Rather (consistent with the Oil Pollution Act of 1990), these resources reside predominantly in the hands of private industry. The government simply does not have the technology required to cap a wellhead a mile below sea level. Citizens and policy makers are reacting, and new laws and regulations are a foregone conclusion. In the interim, Secretary of the Interior Ken Salazar has imposed a six-month moratorium on deepwater drilling to review the safety of these operations. Offshore service companies that support oil and gas drilling have mounted a legal challenge to this moratorium, and the litigation is ongoing.2
Despite this current disaster, it is likely that domestic deepwater drilling will resume. The Minerals Management Service (on 18 June changed to the Bureau of Ocean Energy Management, Regulation, and Enforcement) defines deepwater as depths greater than 1,000 feet (305 meters) and ultra-deepwater as depths greater than 5,000 feet (1,524 meters).3 The United States, though it has less than 5 percent of the world's population, uses over 20 percent of the world's total energy. According to the U.S. Energy Information Administration, the U.S. primary energy consumption in 2008 was 101.554 quadrillion British Thermal Units or about 21 percent of the world total.4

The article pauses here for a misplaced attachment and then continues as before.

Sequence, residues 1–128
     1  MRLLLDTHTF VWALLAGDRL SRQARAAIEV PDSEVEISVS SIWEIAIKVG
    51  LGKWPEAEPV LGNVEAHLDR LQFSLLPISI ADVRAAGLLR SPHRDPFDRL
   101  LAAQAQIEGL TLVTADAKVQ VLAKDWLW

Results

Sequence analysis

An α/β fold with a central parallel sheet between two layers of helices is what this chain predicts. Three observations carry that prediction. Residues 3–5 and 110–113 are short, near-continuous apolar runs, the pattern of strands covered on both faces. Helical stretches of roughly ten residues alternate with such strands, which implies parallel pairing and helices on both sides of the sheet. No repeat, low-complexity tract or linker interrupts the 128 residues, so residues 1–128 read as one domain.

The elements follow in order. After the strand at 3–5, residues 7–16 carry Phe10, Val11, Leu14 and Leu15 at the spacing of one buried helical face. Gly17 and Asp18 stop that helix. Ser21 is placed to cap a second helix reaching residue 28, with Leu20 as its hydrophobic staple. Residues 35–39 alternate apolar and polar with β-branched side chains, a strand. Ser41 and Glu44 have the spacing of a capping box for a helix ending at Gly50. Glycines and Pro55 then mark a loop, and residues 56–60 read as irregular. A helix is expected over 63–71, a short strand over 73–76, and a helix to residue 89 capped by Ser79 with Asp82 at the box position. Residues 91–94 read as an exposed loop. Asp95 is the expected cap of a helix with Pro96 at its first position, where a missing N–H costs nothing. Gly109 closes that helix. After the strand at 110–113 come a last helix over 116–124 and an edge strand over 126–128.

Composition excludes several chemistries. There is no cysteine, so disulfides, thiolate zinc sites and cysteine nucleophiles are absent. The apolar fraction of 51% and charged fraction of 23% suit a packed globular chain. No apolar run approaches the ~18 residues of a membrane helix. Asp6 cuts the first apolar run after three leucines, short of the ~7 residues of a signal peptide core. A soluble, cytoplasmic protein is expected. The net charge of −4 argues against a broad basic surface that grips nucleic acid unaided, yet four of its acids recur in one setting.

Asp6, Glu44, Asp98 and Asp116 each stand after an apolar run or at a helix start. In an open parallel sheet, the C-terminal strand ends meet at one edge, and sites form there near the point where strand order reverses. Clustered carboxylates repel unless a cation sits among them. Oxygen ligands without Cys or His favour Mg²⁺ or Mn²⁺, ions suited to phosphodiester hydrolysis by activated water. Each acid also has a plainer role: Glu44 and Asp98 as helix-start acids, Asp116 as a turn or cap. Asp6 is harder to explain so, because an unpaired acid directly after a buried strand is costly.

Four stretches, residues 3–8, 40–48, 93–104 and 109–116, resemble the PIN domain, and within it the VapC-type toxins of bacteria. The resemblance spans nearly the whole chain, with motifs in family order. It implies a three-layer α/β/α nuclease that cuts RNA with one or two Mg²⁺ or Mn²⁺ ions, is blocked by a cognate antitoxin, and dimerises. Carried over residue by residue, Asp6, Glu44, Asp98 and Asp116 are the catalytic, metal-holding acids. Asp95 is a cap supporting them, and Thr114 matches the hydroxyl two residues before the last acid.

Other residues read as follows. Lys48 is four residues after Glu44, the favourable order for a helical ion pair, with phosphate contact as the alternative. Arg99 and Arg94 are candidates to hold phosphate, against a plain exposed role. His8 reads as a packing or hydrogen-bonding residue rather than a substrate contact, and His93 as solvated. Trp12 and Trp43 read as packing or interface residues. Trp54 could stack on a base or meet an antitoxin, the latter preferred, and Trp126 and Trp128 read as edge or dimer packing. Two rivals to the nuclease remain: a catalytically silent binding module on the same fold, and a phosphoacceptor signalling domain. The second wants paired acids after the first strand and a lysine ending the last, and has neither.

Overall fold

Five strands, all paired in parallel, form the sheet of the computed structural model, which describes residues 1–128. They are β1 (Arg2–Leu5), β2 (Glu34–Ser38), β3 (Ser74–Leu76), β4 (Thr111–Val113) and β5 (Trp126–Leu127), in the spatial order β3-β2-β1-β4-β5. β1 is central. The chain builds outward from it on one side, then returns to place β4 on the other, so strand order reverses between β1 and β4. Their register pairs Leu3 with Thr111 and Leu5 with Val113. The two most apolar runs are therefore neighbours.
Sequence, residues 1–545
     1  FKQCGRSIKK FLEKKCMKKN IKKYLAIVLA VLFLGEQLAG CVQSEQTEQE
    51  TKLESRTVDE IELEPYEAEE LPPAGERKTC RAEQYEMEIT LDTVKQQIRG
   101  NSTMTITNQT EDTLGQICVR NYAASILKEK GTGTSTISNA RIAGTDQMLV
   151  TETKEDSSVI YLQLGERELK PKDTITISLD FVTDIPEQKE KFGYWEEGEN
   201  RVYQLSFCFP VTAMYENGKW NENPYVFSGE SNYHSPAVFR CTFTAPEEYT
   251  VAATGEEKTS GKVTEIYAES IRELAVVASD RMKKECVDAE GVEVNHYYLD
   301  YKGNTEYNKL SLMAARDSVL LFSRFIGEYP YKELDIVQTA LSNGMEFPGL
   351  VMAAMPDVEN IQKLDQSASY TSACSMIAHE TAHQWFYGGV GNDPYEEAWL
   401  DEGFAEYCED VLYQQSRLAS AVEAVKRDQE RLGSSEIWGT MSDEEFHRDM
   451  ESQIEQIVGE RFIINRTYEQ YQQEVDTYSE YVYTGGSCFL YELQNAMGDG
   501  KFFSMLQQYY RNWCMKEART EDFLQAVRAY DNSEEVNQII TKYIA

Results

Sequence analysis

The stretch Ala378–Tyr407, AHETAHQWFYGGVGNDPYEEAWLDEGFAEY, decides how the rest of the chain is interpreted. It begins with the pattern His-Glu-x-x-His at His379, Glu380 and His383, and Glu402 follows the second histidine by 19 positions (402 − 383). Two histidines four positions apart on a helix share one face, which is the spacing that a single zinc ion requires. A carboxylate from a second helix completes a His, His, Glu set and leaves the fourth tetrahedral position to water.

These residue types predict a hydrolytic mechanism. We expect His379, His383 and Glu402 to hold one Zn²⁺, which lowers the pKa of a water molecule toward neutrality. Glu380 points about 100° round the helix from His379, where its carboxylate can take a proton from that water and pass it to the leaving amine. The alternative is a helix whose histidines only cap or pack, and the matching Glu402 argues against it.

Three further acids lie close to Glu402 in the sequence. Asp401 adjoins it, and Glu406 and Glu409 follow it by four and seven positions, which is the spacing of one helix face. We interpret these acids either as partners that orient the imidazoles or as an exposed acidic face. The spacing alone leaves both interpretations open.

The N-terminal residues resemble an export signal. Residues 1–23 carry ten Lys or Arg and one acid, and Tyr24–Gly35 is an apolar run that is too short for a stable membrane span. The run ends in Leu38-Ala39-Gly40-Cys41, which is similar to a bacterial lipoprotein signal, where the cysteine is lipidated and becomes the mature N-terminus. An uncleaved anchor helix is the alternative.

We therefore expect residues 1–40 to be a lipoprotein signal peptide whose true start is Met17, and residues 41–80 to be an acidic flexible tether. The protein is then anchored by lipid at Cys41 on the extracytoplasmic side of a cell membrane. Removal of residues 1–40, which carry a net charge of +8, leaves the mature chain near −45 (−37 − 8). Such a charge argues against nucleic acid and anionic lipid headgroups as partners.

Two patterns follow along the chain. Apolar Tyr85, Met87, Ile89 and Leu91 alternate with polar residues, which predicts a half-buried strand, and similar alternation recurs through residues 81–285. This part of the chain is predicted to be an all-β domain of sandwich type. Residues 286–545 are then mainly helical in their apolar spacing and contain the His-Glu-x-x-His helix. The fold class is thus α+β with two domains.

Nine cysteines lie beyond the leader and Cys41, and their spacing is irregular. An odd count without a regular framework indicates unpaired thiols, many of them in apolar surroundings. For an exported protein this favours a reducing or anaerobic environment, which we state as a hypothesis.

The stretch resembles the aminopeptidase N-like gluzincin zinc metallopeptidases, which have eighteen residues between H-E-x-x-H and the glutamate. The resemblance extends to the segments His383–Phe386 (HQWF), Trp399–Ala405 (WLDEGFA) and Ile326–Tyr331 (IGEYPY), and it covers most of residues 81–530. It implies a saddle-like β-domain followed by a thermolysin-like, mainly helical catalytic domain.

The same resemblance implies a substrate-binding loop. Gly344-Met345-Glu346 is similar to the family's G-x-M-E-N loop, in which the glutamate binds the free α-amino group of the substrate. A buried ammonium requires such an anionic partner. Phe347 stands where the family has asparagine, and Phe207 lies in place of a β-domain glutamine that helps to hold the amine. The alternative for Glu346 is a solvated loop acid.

The transportation sector accounts for 70 percent of our domestic oil consumption.5 Until the United States makes the transition to renewable sources of energy and reduce its appetite for oil-particularly within the transportation sector, where gas tanks cannot be filled with wind or solar energy-our national reliance on oil will continue. The United States consumed 19.5 million barrels per day of petroleum products during 2008, making it the world's largest petroleum consumer. Altogether, net imports of crude oil and petroleum products (imports minus exports) accounted for 57 percent of U.S. total petroleum consumption that year. Our domestic demand for oil exceeds by three times our domestic production of 6.7 million barrels a day, requiring us to import vast quantities.6
Our dependence on foreign oil supplies is a long-standing national security issue and has elevated the importance of developing our domestic supply. Of that supply, 30 percent comes from the Gulf of Mexico, with 70 percent produced from deepwater wells.7 The largest and most promising new domestic discoveries of oil have been in the gulf's deepwater, which is where the largest quantities of undiscovered technically recoverable oil are thought to exist.